In response to the World Health Organisation’s need to integrate mental health as part of health and social welfare programmes, 177 country states have strengthened governance on mental health and social care. However, low-income countries don’t have the human and financial resources, health professionals or basic infrastructure to sufficiently address the problem.

It is estimated that in 2017 there were only about two mental healthcare providers per 100 000 people in low-income countries compared to 70 in high-income countries. Government spending on mental healthcare is under US$1 per person per year in low-income countries compared to more than US$80 per person per year in high-income countries.

Creating a distinction between the effects of conflict and other coexisting social pressures can also be problematic. For instance, in a region like the Sahel, how do we quantify the extent of trauma caused by armed conflict and, say, the suffering caused by chronic poverty? Many experts concede that there’s no single panacea for societies affected by multiple socio-political emergencies, but that a psychosocial framework is needed.

In terms of healthcare, western countries have provided support structures for refugees. But the deeper turmoil of disrupted lives, alienation in a strange culture and loss of status are potentially dilemmas beyond quick once-off medical remedies.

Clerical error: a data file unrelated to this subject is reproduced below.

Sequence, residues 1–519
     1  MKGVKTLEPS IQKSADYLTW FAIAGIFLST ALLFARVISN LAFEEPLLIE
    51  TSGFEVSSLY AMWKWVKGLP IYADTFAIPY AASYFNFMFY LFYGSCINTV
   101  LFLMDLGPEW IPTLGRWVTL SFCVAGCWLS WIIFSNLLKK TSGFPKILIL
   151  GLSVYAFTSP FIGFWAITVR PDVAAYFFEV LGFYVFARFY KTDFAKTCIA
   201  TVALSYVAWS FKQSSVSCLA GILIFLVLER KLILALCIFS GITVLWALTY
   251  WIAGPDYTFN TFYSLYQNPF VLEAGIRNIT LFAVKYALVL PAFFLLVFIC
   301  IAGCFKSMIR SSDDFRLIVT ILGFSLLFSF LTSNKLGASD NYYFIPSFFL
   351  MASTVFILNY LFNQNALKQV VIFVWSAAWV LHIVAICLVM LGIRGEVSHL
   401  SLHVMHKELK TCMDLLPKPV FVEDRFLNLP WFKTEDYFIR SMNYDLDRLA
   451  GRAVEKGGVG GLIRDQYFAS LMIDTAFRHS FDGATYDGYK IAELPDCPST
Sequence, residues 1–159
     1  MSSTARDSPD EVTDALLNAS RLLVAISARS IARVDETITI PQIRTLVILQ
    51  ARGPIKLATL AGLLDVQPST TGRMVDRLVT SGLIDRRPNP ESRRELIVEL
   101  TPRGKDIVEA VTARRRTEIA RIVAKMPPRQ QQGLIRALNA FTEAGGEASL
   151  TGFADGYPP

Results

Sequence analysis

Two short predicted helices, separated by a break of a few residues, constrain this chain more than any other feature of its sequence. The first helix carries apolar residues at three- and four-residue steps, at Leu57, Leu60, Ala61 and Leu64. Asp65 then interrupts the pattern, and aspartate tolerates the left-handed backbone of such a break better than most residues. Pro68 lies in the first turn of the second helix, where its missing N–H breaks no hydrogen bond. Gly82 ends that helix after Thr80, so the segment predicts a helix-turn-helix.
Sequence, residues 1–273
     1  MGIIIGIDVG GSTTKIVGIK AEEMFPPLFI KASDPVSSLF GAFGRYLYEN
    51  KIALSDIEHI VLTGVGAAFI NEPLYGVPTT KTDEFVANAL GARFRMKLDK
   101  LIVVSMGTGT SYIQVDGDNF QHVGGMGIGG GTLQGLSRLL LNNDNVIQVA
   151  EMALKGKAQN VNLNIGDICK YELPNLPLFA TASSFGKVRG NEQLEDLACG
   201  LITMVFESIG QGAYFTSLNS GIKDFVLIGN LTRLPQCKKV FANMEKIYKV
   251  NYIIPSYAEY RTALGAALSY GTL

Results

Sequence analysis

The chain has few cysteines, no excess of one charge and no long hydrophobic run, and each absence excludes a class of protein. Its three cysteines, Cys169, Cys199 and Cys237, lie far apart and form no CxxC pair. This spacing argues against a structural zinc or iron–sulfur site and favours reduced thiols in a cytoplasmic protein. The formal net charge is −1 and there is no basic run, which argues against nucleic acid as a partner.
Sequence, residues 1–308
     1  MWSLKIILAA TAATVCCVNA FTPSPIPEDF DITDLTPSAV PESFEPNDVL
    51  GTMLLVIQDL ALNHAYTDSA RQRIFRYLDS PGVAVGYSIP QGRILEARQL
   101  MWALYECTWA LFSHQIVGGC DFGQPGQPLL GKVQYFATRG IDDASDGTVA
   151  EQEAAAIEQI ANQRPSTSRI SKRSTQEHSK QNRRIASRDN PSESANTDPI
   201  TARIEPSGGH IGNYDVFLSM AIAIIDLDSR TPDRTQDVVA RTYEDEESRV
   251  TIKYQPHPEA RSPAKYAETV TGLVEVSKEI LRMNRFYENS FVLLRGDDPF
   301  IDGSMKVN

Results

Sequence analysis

So how should Africa deal with mental health? More inclusive health and educational systems to address mental illness caused by conflict, and eliminate the stigma around mental illness in general, is needed.

Local or culture-specific psychological norms and beliefs could be weaved into the mental health framework. This could provide an alternative to western psychiatry methods that frame suffering as a scientific problem that needs solving without acknowledging traditional, cultural and religious aspects that may be pertinent to refugees’ cultures.

For example, ancient systems such as Ayurveda or Chinese medicine view the body and mind as one in their approach to health and illness, and attempt to examine issues within their social, economic and cultural environments.

Local identity and understanding can be important in alleviating the suffering of people who have lost much, if not all, of their worlds. This can help deal with the stigma surrounding mental health discussions and with seeking professional help.

Studies conducted in Zimbabwe and Nigeria reveal that most people believe that mental illness is caused by supernatural spirits. Appropriate mental health programmes must address the cultural and spiritual needs of people to optimise mental health therapies in Africa. Such methodologies are already gaining momentum by using community-level mechanisms to promote psychosocial health.

Social and political reform should strive to deliver justice and public recognition for victims of war and conflict. Further research is required on this issue, but evidence shows that mental distress is prevalent in conflict-affected regions.

Mental health is an important public health issue and must be incorporated in development frameworks and post-conflict recovery strategies. Otherwise rebuilding societies and economies affected by conflict will be an uphill struggle.

Written by Stellah Kwasi, Researcher, African Futures and Innovation, ISS Pretoria